Wasted food in the garbage in Rome, Italy (Photo by Andrea Leganza) Creative Commons license via Flickr
By Sunny Lewis
BRUSSELS, Belgium, August 15, 2019 (Maximpact.com News) – Each year around 20 percent of food produced in the European Union is lost or wasted, causing unacceptable social, environmental and economic harm. Meanwhile, some 43 million EU residents cannot afford a quality meal, including meat, chicken, fish or a vegetarian equivalent, every second day.
Food waste has a huge environmental impact, accounts for about six percent of the total EU greenhouse gas emissions and puts an unnecessary burden on limited natural resources, such as land and water use.
The European Commission has expressed its commitment to solving this problem and putting its food system onto a sustainable path, but says that to be able to take effective action, we need more data on food waste than we currently have.
In order to address this knowledge gap, the Commission has adopted a Delegated Act laying down a common food waste measurement methodology to support Member States in quantifying food waste at each stage of the food supply chain.
Based on a common definition of food waste, the methodology will ensure coherent monitoring of food waste levels across the EU.
The Delegated Act is subject to scrutiny by co-legislators and was sent to the Parliament and the Council in July.
Frans Timmermans, First Vice-President, said, “Food waste is unacceptable in a world where millions still suffer from hunger and where our natural resources, which make human life and wellbeing possible, are becoming increasingly scarce. That is why we have defined food waste prevention as a key priority in building a circular economy and a sustainable society. To deliver change, we have to be able to properly measure food waste. I am pleased to see the EU developing the first ever comprehensive food waste measurement methodology and blazing the trail globally.”
The Commission estimates that across the EU, around 88 million tonnes of food waste are generated annually with associated costs estimated at €143 billion.
Preventing food waste is a priority
Preventing food waste was identified as one of the priority areas in the Circular Economy Action Plan adopted by the Commission in December 2015. Furthermore, food waste is one of 10 major indicators of the Circular Economy Monitoring Framework, telling us how advanced we are in the transition from linear “make-use-dispose” to circularity, where loss of resources is minimized.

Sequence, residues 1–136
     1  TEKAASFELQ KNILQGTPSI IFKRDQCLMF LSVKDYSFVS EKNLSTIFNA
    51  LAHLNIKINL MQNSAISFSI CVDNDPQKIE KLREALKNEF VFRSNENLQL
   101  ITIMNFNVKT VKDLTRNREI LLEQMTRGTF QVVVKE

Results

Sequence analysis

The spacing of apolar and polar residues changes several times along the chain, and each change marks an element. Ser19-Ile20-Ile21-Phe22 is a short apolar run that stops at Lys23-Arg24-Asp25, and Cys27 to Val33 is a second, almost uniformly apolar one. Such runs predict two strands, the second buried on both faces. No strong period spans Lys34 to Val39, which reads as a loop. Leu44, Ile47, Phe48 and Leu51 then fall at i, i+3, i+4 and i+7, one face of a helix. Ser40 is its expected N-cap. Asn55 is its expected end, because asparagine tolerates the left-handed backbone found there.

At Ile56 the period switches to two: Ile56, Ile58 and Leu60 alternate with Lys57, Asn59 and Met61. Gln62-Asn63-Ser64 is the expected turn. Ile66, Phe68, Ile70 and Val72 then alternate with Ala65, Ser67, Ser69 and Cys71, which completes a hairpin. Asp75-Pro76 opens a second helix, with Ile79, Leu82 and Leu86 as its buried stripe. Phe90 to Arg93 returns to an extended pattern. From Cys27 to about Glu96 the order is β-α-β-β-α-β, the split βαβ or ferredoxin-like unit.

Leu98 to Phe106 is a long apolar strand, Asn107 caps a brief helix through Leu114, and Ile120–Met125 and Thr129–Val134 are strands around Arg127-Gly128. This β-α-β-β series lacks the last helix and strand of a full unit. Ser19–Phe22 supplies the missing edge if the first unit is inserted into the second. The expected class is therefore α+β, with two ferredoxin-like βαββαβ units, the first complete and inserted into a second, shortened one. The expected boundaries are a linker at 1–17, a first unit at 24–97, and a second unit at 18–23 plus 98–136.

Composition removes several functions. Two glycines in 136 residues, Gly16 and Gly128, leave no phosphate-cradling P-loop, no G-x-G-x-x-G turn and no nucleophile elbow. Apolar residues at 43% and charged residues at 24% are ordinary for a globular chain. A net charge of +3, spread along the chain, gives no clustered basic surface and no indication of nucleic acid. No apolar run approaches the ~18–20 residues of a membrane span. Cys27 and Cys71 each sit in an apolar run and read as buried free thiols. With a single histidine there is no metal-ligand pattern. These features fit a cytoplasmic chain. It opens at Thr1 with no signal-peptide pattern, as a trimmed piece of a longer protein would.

Jyrki Katainen, Vice-President for Jobs, Growth, Investment and Competitiveness, in charge of Health and Food Safety, said in a keynote address to the EU Platform on Food Losses and Food Waste in May, “The business case for food waste prevention is convincing. Research shows a 14:1 return on investment for companies which integrated reduction of food loss and waste in their operations.”
“I count on the active participation of food business operators to measure, report and act on food waste levels,” said Katainen. “In food waste, as in life, what gets measured, gets managed. To be able to implement effective national food waste prevention programs and promote circularity in the food chain, we need to know where, what, how much and why we are losing food resources. We are making the decisive step to get this knowledge.”
According to the EU research project FUSIONS (2016), over half of food waste generated in the EU occurs at the level of households – a key area of focus for food waste prevention programs in the Member States.
While 70 percent of EU food waste arises in the household, food service and retail sectors, with production and processing sectors contributing the remaining 30 percent.
Due to the revised Waste Framework Directive, adopted in May 2018 as part of the Circular Economy Action Plan, specific measures on food waste prevention have been introduced which will provide the EU with new and consistent data on food waste levels.
National food waste prevention programs
Each year around 20 percent of food produced in the European Union is lost or wasted. (Photo by Katie Campbell / EarthFix) Creative Commons license via Flickr
The new waste legislation requires Member States to implement national food waste prevention programs and, importantly to reduce food waste at each stage of the supply chain, monitor and report on food waste levels.
The EU’s action plan to fight food waste aims to help achieve the global Sustainable Development Goal Target 12.3 to halve per capita food waste at the retail and consumer level by 2030, and reduce food losses along the food production and supply chain.
While the Delegated Act defines what needs to be measured as food waste at each stage of the food supply chain and how this should be carried out, it provides flexibility as to how data collection should be carried out at national level.
With support of the EU Platform on Food Losses and Food Waste and other relevant expert groups, the Commission will closely follow the implementation of the Delegated Act, organizing regular exchanges with Member States in order to facilitate practical implementation and share learning.
Based on the methodology, Member States are expected to put in place a monitoring framework with 2020 as the first reporting year in order to provide the first new data on food waste levels to the Commission by mid-2022.
The EU reporting framework will help standardize reporting of food waste levels by business and contribute to global monitoring of Sustainable Development Goals Target 12.3.
SDG 12 seeks to “ensure sustainable consumption and production patterns.” The third target under this goal (Target 12.3) calls for cutting in half per capita global food waste at the retail and consumer level, and reducing food losses along production and supply chains, including post-harvest losses, by 2030.